Huh, this doesn't make sense [ unless I don't understand you ]. Calling something a 'crop' does only make sense when a camera was designed for a larger (film) format but is now used for a smaller digital sensor.
Medium Format SLR in the film time never had the ultra wide lenses as the 35mm SLRs. That didn't make them cropped 35mm.
What I was trying to point out is that if you put the same focal length lens on an S2 (which, I'm sorry, does have a 1.3 crop MF sensor, whichever way anyone tries to spin it) as a "FF" MFDB, then the S2 will crop the field of view that you get from the FF back.
This means that - if wide angle is important to you - the Leica is limited compared to FF MFDB, because the focal length of the widest lens available for the Leica and a MFDB on a tech cam are pretty much the same (and that's ignoring the possibility of using a 17mm lens on an MFDB).
In the 35mm world, there are of course lenses with shorter focal lengths available - 14mm if you care about quality, 11 or 12mm if you're not that fussed. That's why it makes no sense to try to think of the Leica as some sort of "super sized 35mm". It's not. Because the systems simply aren't equivalent.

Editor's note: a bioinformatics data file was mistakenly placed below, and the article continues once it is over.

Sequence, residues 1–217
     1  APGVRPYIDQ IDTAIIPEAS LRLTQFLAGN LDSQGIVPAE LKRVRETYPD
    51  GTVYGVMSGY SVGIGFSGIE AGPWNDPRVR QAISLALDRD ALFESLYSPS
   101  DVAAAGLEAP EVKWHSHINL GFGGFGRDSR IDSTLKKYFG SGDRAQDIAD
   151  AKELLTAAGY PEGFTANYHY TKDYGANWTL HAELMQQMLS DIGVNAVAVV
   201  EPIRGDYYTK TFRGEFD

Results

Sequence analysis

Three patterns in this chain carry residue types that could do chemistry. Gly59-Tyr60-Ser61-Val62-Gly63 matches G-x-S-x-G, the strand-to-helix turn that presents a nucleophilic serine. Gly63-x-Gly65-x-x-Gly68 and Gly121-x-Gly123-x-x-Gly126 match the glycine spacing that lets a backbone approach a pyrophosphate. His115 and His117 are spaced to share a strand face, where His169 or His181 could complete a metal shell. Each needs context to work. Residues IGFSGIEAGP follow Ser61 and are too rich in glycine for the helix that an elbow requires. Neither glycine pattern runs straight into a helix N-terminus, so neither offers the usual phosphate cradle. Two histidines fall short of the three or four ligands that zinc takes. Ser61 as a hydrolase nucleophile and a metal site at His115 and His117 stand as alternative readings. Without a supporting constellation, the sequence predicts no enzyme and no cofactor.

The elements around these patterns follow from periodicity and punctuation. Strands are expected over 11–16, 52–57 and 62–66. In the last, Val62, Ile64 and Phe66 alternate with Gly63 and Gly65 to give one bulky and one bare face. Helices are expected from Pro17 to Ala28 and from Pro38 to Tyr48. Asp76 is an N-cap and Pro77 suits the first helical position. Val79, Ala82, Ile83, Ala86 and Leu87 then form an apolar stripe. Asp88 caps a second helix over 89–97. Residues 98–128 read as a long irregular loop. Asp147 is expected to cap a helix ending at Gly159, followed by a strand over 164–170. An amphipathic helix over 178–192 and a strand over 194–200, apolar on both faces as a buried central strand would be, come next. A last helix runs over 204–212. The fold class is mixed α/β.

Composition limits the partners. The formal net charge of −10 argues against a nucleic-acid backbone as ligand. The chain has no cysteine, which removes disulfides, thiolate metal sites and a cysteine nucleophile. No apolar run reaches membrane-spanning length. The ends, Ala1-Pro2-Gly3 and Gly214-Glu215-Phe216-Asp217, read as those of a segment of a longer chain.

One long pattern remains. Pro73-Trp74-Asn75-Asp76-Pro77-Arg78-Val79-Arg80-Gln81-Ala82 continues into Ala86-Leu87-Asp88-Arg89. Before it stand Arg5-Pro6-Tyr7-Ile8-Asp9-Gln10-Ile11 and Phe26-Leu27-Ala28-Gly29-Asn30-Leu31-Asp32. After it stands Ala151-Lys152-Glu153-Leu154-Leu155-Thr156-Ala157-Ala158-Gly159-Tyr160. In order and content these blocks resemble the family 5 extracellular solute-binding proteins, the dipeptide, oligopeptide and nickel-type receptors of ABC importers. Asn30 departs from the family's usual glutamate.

None of this is in any way meant as a criticism of the Leica camera, nor the wider system. It's simply a fact that for those people who are looking for very wide angles, it simply isn't a viable solution. There will of course be plenty of people for whom this simply isn't a concern.
Back to the point that was originally claimed, and that I questioned:
"Until someone comes out with a 3"x5" sensor and thereby creates a new threshold for "large sensor format" I don't see the point fussing over all these similar sized sensors.."
Well, fair enough. Maybe Paul doesn't. Maybe for what he shoots, the above described limitation simply isn't an issue. But many people would see the point fussing over the fact that the widest lens available for the two systems being compared was the same focal length, and yet one system had a sensor size 1.3x the size of the other.
For some, that kind of stuff is important.